Zika Discoverer Tells Of 'Human Bait,' Draws Monkeys In Overlooked Archive
Back in 1947, Alexander John Haddow made a discovery that didn't seem particularly important.
He was part of a team doing research on yellow fever in Uganda, and he identified a new virus that was making a monkey in his lab sick.
He named the virus Zika, after the Zika forest where his lab was located.
At first, Haddow believed only monkeys were affected. It turns out humans could catch the virus, too, but in Uganda, there have been only two documented cases (although that may be because the symptoms are often mild or even nonexistent).
The Scottish scientist kept detailed records of his research. There were journals, videos, drawings and photographs.
From his records, it's clear that Haddow was not particularly alarmed by the virus. And there were other more dangerous viruses to focus on, like yellow fever.
When he died in 1978, he left his collection of Zika records to the University of Glasgow. The collection was rarely disturbed — until this year, when the Zika virus grabbed international headlines. And so Haddow's archives came into the spotlight.
"After Zika became such a hot topic, it struck a chord with the people in the archive," says Claire Donald, a researcher in the university's Center for Virus Research who is part of a team working to develop a Zika vaccine. "They went through it and found this treasure trove."
Mosquitoes were a big part of the research. The team daily would capture hundreds of mosquitoes using "human bait" — young boys from nearby communities. The boys would allow the mosquitoes to alight and bite before the scientists would pluck the insects off and drop them into test tubes. The researchers built something called Haddow's Tower — a six-level wooden construction where the "bait" would stand. Haddow would note the elevation at which the mosquitoes were captured, indicating if they swarmed high in the air or near the ground.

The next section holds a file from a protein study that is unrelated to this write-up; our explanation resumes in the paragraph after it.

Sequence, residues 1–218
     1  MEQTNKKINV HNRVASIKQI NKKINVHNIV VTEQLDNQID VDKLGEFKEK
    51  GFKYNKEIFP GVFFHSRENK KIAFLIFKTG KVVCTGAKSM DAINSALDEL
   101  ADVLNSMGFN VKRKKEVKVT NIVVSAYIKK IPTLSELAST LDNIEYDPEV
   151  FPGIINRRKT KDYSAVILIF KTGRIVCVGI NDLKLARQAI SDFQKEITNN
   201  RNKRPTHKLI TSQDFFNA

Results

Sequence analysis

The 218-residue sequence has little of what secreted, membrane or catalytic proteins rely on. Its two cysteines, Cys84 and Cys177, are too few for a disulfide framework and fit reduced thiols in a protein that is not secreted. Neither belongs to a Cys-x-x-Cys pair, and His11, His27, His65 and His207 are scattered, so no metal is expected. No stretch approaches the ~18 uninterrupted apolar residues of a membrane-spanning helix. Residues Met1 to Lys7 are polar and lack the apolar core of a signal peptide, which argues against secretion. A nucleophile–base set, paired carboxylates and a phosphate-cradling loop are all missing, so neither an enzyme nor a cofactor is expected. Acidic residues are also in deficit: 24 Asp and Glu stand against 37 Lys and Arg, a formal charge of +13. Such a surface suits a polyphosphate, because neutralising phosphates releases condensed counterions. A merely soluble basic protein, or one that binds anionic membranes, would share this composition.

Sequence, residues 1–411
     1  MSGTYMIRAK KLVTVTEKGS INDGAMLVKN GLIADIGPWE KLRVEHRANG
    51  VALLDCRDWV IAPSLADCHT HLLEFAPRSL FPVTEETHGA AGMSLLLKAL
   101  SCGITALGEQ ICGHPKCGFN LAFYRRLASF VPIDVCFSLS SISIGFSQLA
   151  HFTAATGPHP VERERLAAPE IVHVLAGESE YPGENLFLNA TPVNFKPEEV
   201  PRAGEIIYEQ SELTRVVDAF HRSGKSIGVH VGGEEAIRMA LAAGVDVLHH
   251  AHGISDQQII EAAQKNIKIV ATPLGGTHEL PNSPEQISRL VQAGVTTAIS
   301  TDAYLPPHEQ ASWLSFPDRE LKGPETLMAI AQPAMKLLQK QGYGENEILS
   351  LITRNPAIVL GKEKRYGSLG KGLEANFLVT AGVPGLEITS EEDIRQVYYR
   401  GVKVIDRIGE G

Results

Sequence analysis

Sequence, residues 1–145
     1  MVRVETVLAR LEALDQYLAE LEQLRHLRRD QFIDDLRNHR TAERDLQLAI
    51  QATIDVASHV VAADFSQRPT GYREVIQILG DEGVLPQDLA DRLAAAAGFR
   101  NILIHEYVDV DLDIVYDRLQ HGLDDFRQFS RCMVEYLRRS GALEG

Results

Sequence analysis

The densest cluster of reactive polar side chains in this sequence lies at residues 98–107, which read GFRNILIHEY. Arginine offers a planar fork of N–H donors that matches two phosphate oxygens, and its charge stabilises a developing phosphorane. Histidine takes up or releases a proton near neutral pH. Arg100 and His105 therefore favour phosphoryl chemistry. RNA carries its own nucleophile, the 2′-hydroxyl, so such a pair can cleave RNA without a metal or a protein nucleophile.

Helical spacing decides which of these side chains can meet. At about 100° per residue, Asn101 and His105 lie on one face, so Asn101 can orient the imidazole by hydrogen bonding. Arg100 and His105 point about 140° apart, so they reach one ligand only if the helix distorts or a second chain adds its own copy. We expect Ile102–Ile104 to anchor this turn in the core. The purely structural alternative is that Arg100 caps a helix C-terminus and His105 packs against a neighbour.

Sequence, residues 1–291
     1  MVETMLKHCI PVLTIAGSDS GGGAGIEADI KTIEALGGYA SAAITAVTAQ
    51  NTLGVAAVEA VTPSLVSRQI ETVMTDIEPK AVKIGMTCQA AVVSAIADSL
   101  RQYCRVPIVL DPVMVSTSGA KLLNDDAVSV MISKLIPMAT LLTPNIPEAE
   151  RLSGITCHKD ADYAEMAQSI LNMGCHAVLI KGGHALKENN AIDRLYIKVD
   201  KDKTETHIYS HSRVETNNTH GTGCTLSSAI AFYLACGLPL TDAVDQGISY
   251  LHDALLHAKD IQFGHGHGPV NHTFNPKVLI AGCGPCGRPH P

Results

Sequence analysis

They also built platforms in trees for their mosquito "bait" to wait.
The handwriting in the journals that Haddow filled with details and graphs is neat and precise. Because of the old-fashioned style, "I found it a wee bit difficult at first," admits Eleanor Tiplady, a doctoral student in immunology who has just wrapped up a three-month internship dedicated to burrowing through the Haddow collection. "He obviously took great pride in his penmanship."
In 1948, Haddow pinpointed that the virus came from the Aedes africanus species of mosquito. He'd caught the Zika-carrying mosquito on the tree platform.
"That was the key finding," says Donald. Those mosquitoes are "very aggressive daytime biters." And they bite a wide range of animals in addition to humans.
Today, the Aedes aegypti mosquito is the one spreading Zika in Latin America.
"I was struck by the meticulousness of his records," Tiplady says. His science books are crammed with data from the mosquito catches, including how many were captured and where, which species and the time of day.
There are also photographs of the tower — and drawings. Haddow was a talented artist who sketched some of the monkeys infected with yellow fever. Tiplady says she thinks the drawings were mainly for scientific purposes, but he seemed to enjoy sketching and also drew Ugandans in ceremonial headdresses.
Some of the archival material will be displayed at a panel on "Zika Virus: Past, Present & Future" at the Glasgow Science Fesitval on June 15.
Zika was one of 10 to 15 other new viruses discovered by his team, but most of them haven't been studied. One is the Semliki Forest virus, which like Zika is mild. Another is the chikungunya virus, "which is quite debilitating," she says.
Tiplady says the unearthing of Haddow's archive reminds the world that Africa's jungles harbor many relatively unknown viruses and pathogens. These viruses can remain relatively dormant for years before making a grand reappearance, or morphing from minor irritation into major public-health problem.
"The next Zika," she says, "could be one of the other viruses they discovered."
Copyright 2021 NPR. To see more, visit https://www.npr.org.